It is rare to find an individual who is without ego, someone who genuinely cares for people or a cause selflessly, without a thought for themselves. Most of us find ourselves from time to time upset by a word or action from a friend, or pleased by a compliment, or wanting the last biscuit on the plate. We may want to be first in the queue or to have the best seat, to prove someone wrong or to have children who are top of their class. These and similar minor examples of ego in human life are everywhere, played out many times a day in many homes, and some of them show hubris too. We are all human, and learning about the power of our ego is a key life learning for humanity. Seeing someone without it is a lesson in humility, for us. It serves to remember that gentle power is the strongest power.
We are so used to seeing ego and its related hubris all around us, often we do not notice it, but sometimes it is so dominant in a person it is unmistakeable. It has been very noticeable in recent times: Donald Trump has been known for his self-confidence all his adult life, but his self-belief has, with his position as President of the USA, taken self-conceit to a new level, whereby he rules by decree like an emperor in a medieval court, and believes he can speak and act without impunity. He is the epitome of hubris.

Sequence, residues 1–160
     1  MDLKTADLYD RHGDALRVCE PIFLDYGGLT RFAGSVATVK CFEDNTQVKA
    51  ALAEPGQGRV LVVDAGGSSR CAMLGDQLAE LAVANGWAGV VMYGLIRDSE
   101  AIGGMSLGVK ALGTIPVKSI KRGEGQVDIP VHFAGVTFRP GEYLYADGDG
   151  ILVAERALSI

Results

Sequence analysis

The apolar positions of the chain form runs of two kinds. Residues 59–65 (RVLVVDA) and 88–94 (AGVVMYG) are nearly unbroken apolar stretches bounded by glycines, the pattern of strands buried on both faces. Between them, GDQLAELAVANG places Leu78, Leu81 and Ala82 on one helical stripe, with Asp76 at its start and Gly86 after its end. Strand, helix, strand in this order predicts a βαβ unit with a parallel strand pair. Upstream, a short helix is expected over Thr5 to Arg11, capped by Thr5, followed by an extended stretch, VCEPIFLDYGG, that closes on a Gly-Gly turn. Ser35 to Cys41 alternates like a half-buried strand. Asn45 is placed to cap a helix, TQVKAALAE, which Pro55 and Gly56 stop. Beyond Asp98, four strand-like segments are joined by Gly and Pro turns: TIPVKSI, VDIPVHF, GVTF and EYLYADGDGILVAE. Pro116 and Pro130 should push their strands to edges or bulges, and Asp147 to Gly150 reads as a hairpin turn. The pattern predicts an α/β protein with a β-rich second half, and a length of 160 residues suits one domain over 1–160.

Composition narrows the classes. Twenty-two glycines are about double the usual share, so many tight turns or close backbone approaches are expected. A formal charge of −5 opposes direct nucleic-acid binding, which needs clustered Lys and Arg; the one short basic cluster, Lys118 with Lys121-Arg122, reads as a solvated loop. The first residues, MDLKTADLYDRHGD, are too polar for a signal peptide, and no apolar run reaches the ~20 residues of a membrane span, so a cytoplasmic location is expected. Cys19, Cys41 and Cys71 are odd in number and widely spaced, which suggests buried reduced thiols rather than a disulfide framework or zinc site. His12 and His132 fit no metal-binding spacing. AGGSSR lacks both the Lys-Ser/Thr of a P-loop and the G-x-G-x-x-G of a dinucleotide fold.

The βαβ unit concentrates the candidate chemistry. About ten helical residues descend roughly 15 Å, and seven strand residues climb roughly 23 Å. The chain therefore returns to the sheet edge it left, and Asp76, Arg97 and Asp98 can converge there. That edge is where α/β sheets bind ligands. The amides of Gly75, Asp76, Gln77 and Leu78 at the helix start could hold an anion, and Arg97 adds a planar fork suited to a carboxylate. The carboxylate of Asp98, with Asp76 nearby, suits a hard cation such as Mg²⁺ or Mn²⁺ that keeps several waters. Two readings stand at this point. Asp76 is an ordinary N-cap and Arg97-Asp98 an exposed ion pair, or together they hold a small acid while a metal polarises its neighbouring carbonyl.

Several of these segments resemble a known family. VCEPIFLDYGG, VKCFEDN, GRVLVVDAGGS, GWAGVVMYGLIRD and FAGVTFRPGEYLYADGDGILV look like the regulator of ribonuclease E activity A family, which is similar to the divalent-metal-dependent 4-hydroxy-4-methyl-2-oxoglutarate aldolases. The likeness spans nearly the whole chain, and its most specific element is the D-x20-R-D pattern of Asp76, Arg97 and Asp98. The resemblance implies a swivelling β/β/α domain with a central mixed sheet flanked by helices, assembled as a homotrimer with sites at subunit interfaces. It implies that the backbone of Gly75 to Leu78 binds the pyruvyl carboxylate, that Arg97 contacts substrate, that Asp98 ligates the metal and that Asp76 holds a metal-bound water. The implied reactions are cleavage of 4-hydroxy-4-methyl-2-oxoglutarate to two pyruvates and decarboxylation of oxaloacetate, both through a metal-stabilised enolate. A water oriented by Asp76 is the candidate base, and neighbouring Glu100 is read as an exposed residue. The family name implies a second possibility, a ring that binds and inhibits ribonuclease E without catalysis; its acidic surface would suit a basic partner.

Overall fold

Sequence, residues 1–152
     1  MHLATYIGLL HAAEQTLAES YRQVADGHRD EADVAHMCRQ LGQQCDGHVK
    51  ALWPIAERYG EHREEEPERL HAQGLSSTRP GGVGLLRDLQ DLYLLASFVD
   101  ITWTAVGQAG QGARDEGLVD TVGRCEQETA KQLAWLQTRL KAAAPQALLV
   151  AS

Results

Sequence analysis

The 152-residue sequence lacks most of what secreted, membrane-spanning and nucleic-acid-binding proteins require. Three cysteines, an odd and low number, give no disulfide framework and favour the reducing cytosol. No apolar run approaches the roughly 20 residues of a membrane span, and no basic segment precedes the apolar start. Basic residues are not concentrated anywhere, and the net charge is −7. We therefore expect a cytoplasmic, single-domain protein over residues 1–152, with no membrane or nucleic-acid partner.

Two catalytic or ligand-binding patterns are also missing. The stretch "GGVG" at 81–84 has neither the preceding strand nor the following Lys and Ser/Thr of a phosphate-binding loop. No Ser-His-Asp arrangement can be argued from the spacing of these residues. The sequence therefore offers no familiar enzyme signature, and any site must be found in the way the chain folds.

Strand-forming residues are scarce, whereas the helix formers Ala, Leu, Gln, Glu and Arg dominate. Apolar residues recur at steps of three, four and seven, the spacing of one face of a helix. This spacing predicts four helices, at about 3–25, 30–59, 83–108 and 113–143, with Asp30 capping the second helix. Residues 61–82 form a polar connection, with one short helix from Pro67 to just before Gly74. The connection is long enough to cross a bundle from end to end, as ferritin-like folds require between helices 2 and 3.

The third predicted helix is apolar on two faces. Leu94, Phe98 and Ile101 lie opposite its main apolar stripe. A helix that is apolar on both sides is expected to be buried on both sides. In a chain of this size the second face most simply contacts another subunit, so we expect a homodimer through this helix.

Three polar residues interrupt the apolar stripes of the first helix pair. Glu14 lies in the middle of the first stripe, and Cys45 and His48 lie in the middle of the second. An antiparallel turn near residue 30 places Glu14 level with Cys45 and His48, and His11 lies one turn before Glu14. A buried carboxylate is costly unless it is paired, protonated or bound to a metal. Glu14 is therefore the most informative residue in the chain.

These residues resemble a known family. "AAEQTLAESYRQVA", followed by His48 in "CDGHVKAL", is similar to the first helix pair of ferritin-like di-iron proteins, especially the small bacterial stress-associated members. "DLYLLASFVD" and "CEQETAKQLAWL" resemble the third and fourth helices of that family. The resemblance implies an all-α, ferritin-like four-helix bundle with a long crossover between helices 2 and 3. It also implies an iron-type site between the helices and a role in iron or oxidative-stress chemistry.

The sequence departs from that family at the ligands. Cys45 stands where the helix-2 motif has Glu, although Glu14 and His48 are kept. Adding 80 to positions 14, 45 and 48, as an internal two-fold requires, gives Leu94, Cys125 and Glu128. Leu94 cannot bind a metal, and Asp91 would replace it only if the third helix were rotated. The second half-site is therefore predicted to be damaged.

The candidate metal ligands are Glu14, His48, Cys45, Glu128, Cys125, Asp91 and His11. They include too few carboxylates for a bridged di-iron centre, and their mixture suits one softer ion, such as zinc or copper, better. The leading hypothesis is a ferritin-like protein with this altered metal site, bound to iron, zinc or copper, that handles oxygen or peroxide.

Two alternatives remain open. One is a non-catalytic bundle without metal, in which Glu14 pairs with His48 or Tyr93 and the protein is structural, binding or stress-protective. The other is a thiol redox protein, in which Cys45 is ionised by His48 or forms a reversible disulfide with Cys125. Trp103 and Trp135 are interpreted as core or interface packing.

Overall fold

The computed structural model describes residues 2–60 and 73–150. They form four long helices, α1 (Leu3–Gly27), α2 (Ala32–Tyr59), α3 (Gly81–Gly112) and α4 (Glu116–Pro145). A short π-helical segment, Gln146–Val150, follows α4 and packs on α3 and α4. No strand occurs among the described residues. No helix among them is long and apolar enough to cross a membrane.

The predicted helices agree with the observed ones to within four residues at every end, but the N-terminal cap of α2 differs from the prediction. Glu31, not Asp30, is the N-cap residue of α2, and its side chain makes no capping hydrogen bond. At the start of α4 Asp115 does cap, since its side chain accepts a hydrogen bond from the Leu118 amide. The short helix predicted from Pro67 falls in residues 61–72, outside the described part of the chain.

The greater the hubris, the harder is the fall back to reality from the illusion of greatness. Hubris, and ego, bring their own appropriate repercussions under the Law of Karma. Thus it is that President Trump’s visit to Europe, in which he insulted and threatened world leaders and offended many in his deferential treatment of Putin, has rebounded on him seriously. His fitness for office and understanding of global as well as national priorities and values is being questioned as never before, and he is chastened. The emperor’s clothes have been taken away – by himself, and it may be the grandeur of the vestments of old is never restored.
Theresa May, meanwhile, at one point the target of Trump’s hubris, herself has much to learn still about omnipotence. Failing to learn from an assumption of superiority in her failed general election last year, she presented the Chequers meeting and agreement 2 weeks ago as a triumphant fait accompli, and seemed to believe in her claims of success. It has not taken long for the plan to unravel and for her to be revealed as vulnerable and, now, powerless. It is a hard and public lesson.
It is easy to notice and to judge the hubris, or ego, in other people, and not so easy to see it in ourselves. It serves us to observe what we do and say, and to recognise when the demon of desire taps us on the shoulder. The repercussions of pride are hard, and the fall from personal grace is even harder.